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action already appear beauty become believe better body cause character circle comes common conversation course divine doctrine draw earth effect Emerson essay eternal exists experience expression face fact fear feel flow follow force friendship genius give given hand heart hope hour human individual intellect leave lecture less light live look lose man's manner mean meet mind moral nature never object once Page painted particular pass perfect persons picture Poems poet present prudence reason relations religion secret seek seems seen sense side society soul speak spirit stand sure teach things thou thought tion true truth universal virtue whole wisdom write young
Page 431 - If the red slayer think he slays, Or if the slain think he is slain, They know not well the subtle ways I keep, and pass, and turn again. Far or forgot to me is near; Shadow and sunlight are the same; The vanished gods to me appear; And one to me are shame and fame. They reckon ill who leave me out; When me they fly, I am the wings; I am the doubter and the doubt, And I the hymn the Brahmin sings.
Page 57 - A foolish consistency is the hobgoblin of little minds, adored by little statesmen and philosophers and divines. With consistency a great soul has simply nothing to do.
Page 49 - Society everywhere is in conspiracy against the manhood of every one of its members. Society is a joint-stock company, in which the members agree, for the better securing of his bread to each shareholder, to surrender the liberty and culture of the eater. The virtue in most request is conformity. Selfreliance is its aversion. It loves not realities and creators, but names and customs. Whoso would be a man, must be a nonconformist.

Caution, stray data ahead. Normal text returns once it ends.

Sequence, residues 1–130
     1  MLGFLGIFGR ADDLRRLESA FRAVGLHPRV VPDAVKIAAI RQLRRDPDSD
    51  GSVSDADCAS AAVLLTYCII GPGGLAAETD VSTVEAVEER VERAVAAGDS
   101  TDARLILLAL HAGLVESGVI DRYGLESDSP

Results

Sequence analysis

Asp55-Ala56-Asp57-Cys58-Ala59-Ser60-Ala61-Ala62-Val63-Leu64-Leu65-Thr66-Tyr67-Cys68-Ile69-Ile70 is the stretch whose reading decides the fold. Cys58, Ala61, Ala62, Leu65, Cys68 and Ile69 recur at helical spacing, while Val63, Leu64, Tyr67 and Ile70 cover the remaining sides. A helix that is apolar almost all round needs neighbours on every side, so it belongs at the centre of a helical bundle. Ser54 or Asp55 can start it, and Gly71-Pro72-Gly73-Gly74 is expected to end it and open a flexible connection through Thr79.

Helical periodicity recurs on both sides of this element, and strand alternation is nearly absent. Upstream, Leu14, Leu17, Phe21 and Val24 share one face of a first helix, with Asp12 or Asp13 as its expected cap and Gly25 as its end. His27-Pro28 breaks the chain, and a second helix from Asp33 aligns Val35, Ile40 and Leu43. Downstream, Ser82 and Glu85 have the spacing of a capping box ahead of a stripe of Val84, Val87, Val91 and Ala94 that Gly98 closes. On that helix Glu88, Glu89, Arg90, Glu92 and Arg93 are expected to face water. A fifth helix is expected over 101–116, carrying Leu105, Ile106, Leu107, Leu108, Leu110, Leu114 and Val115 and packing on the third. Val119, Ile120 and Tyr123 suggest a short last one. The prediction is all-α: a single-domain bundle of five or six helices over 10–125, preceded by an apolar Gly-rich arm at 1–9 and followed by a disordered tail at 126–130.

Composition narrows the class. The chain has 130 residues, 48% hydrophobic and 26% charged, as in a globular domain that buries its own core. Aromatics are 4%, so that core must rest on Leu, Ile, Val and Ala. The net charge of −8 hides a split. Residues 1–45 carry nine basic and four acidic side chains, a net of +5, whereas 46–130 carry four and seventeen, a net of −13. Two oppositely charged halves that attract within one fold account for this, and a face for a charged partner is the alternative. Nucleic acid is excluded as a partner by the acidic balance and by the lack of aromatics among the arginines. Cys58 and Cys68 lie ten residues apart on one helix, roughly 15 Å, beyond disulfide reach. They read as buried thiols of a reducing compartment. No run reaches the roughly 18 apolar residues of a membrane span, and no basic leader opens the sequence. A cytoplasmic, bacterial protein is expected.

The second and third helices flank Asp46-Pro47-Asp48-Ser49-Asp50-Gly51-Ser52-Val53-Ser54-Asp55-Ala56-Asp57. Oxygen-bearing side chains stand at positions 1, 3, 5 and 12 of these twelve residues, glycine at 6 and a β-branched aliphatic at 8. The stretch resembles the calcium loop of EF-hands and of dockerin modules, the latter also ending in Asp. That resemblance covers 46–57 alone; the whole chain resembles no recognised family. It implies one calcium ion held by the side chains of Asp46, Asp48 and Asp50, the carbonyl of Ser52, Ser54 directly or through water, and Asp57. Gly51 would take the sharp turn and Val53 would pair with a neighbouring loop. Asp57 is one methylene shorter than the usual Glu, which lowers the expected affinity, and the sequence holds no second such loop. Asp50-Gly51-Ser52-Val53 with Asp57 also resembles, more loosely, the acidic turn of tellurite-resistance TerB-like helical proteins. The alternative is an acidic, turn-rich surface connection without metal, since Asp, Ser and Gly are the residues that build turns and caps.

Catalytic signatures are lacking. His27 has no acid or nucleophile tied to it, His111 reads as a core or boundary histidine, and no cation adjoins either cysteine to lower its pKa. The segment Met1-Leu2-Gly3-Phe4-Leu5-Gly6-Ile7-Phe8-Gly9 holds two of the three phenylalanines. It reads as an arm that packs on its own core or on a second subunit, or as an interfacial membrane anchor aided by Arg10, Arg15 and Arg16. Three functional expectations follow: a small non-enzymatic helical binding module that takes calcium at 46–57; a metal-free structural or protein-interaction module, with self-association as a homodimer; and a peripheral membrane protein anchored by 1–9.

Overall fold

Page 96 - ... in the systole and diastole of the heart; in the undulations of fluids and of sound; in the centrifugal and centripetal gravity; in electricity, galvanism and chemical affinity. Superinduce magnetism at one end of a needle, the opposite magnetism takes place at the other end. If the south attracts, the north repels. To empty here, you must condense there. An inevitable dualism bisects nature, so that each thing is a half, and suggests another thing to make it whole; as, spirit, matter; man, woman;...
Page 67 - These roses under my window make no reference to former roses or to better ones ; they are for what they are; they exist with God to-day.
Page 48 - A boy is in the parlour what the pit is in the playhouse; independent, irresponsible, looking out from his corner on such people and facts as pass by, he tries and sentences them on their merits, in the swift summary way of boys, as good, bad, interesting, silly, eloquent, troublesome.
Page 76 - ... from New Hampshire or Vermont, who in turn tries all the professions, who teams it, farms it, peddles, keeps a school, preaches, edits a newspaper, goes to Congress, buys a township, and so forth, in successive years, and always like a cat falls on his feet, is worth a hundred of these city dolls. He walks abreast with his days and feels no shame in not 'studying a profession,' for he does not postpone his life, but lives already.
Page 64 - The inquiry leads us to that source, at once the essence of genius, the essence of virtue, and the essence of life, which we call Spontaneity or Instinct. We denote this primary wisdom as Intuition, whilst all later teachings are tuitions. In that deep force, the last fact behind which analysis cannot go, all things find their common origin.